Classroom to Table Returns With Coffee Break Edition


Classroom to Table, the popular College program that brings faculty and students together to share food and company, is back for the first time since the pandemic’s onset — albeit through a modified format.

The new initiative, called “C2T: Coffee Break,” invites instructors and students to talk over coffee and pastries at Pavement Coffeehouse in the Smith Campus Center for the remainder of the fall semester, the College announced Nov. 11.

The program will permit groups of two to five students to gather with a faculty member. Harvard will give each participant a $10 voucher.

College spokesperson Rachael Dane wrote in an email that Harvard launched the new format last week based on participant feedback.


“The coffee break edition of Classroom to Table is a development that students and faculty had been asking about before, namely a more casual option than formal restaurant meals,” she wrote.

Students have less than three weeks to take advantage of the program. Dane wrote that the College rolled out the initiative last week out of caution for the health and safety of affiliates.

“Given the public health situation at the start of the semester and the public health guidance, it did not seem prudent or allowed to be encouraging groups to dine together indoors, hence the delay in starting up this semester,” Dane wrote.

She added that logistical planning and the creation of “an IT support system” also delayed the program’s launch.

Dane did not respond to requests for the budget of the coffee program. In past years, Classroom to Table has run out of funding.

Dane added that traditional sit-down restaurant options may return next semester.

Melody M. Wang ’22, who has used Classroom to Table several times, said she believes the traditional model is more meaningful than the new coffee chat model.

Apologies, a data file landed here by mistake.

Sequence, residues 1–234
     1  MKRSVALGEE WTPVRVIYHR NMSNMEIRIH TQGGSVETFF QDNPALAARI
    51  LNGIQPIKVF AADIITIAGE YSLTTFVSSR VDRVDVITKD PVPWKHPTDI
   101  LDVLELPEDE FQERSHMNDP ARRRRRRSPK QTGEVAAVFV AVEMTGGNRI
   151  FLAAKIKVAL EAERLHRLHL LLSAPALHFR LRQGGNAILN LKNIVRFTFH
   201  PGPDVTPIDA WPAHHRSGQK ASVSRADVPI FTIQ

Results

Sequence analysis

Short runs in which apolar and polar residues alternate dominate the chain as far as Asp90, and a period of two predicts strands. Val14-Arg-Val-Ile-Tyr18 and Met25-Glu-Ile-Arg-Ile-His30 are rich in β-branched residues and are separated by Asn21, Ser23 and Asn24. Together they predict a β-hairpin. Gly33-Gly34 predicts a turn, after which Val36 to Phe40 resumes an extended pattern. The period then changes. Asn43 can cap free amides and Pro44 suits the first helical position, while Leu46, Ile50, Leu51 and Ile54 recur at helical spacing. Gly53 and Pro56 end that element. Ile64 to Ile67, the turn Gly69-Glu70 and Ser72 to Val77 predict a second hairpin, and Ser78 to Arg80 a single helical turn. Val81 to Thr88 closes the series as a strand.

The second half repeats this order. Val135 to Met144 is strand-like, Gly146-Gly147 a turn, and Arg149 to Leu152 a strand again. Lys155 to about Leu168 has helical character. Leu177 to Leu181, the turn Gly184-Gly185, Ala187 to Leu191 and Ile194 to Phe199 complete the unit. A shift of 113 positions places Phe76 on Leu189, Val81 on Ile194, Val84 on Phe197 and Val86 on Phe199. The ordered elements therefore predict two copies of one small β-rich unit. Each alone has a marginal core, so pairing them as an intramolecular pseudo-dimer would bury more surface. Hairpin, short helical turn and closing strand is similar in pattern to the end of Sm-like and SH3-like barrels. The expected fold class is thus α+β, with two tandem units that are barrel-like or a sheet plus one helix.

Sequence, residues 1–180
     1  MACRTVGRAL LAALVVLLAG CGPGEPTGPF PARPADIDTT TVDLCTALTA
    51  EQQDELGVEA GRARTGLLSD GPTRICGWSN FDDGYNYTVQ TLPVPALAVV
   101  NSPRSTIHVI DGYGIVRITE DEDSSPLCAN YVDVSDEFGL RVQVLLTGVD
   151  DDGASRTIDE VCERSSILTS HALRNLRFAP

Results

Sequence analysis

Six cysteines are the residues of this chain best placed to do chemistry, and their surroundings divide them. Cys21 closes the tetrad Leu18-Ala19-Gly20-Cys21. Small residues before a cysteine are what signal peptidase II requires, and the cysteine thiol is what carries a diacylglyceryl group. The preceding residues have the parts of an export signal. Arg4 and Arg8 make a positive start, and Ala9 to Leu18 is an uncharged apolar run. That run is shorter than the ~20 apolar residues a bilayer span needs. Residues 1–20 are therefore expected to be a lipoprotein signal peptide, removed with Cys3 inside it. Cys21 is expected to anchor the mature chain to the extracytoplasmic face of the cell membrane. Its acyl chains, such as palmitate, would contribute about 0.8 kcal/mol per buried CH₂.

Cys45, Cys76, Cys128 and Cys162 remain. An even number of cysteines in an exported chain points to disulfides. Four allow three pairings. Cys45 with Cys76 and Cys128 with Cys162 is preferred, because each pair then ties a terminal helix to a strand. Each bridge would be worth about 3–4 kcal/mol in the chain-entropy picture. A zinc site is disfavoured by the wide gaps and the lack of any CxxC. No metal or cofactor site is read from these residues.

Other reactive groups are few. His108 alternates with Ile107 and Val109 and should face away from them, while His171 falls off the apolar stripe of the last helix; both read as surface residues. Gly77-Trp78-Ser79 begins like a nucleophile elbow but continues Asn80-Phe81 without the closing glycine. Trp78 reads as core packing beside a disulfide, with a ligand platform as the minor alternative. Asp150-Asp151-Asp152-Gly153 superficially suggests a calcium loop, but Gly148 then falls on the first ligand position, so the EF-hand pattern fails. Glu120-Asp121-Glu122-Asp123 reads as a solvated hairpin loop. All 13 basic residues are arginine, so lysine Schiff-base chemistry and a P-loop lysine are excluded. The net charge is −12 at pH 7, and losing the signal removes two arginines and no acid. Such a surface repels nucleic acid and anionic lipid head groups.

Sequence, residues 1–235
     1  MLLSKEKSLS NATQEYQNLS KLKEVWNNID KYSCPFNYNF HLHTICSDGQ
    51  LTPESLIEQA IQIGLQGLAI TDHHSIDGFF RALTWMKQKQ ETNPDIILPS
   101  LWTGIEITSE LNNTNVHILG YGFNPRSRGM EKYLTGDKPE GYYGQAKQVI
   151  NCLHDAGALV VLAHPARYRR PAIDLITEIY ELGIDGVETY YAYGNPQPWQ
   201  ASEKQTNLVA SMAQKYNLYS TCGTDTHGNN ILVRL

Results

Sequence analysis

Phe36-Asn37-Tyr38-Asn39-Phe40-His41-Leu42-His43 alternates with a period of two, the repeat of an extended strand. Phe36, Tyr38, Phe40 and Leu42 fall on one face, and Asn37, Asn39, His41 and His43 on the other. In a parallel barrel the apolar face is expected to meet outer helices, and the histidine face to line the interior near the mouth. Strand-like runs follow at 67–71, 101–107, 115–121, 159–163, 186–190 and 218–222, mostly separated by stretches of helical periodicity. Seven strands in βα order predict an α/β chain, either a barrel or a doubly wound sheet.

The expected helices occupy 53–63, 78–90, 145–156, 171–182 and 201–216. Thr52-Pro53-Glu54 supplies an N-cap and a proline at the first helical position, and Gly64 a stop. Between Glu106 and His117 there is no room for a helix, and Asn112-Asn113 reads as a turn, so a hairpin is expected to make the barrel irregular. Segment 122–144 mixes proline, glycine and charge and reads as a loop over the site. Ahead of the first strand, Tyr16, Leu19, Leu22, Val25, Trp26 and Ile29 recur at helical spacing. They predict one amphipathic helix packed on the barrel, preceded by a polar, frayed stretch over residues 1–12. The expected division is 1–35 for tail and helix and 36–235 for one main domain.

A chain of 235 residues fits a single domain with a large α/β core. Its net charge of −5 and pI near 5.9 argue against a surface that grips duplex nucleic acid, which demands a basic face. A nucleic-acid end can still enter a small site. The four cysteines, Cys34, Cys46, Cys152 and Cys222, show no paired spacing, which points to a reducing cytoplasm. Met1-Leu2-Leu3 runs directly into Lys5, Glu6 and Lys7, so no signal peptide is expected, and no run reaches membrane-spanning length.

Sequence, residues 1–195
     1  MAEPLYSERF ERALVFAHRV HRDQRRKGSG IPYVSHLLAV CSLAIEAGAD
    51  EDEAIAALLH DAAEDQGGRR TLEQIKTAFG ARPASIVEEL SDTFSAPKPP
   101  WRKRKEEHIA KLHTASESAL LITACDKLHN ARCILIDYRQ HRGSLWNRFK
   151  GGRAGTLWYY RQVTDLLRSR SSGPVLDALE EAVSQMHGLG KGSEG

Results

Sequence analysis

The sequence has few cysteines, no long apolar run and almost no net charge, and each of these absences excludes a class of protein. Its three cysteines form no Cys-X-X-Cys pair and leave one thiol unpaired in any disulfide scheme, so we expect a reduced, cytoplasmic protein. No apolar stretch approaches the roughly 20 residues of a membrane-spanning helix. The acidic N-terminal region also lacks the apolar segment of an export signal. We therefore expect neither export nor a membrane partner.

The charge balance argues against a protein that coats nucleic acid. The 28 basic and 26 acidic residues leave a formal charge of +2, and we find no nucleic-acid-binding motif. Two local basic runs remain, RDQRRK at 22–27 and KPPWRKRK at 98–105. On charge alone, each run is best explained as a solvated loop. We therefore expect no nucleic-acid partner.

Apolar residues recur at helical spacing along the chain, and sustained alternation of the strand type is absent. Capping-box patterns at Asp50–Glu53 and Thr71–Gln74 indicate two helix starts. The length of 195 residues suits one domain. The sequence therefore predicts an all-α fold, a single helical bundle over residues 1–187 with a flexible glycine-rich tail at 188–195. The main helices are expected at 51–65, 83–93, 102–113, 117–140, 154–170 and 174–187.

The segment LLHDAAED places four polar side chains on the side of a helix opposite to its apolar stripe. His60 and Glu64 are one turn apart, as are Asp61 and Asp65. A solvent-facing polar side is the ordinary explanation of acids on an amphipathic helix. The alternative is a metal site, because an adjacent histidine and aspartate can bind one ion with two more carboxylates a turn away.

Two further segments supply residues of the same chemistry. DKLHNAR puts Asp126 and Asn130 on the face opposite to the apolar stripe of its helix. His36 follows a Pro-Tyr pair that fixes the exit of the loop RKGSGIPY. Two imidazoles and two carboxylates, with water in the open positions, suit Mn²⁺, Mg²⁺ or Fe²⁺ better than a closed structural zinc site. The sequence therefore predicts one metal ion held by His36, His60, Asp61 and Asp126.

“I personally prefer the more extensive meals just because, one, obviously, you have a lot more time to speak with your professors and friends, and, two, obviously, the food is absolutely delicious,” Wang said. “I would say I think those are a bit more conducive to just having deeper conversations.”

Classroom to Table was founded in 2015 by then-senior Sharon Zhou ’15. Zhou said in an interview that she pitched the program to administrators because of the connections she made with professors across the Computer Science and Classics departments.

“My favorite story from the program is this one friend of mine was from Kansas and took out all the Kansas people at Harvard which I think was two other students and two professors and they just had lunch on Harvard’s dime, and I was like, great,” Zhou said. “It wasn’t subject-related at all — and I love that spirit.”

Reacting to the coffee break edition, Zhou said she believes it will offer “a different vibe,” albeit one that could still help faculty and students connect.

She also said she hopes the College invests further in Classroom to Table.

“I think expansion would be very welcomed by both faculty and students,” Wang said. “It’s great that we’re starting back with coffee and pastries, but for next semester and beyond, I’d love to see it continue growing.”

In any form, Classroom to Table helps make connections more accessible, Zhou said.

“That’s really what we’re really what we’re paying Harvard to do, right?” Zhou said. “We want these close interactions. This is what matters most — this is where you learn and continue learning afterwards.”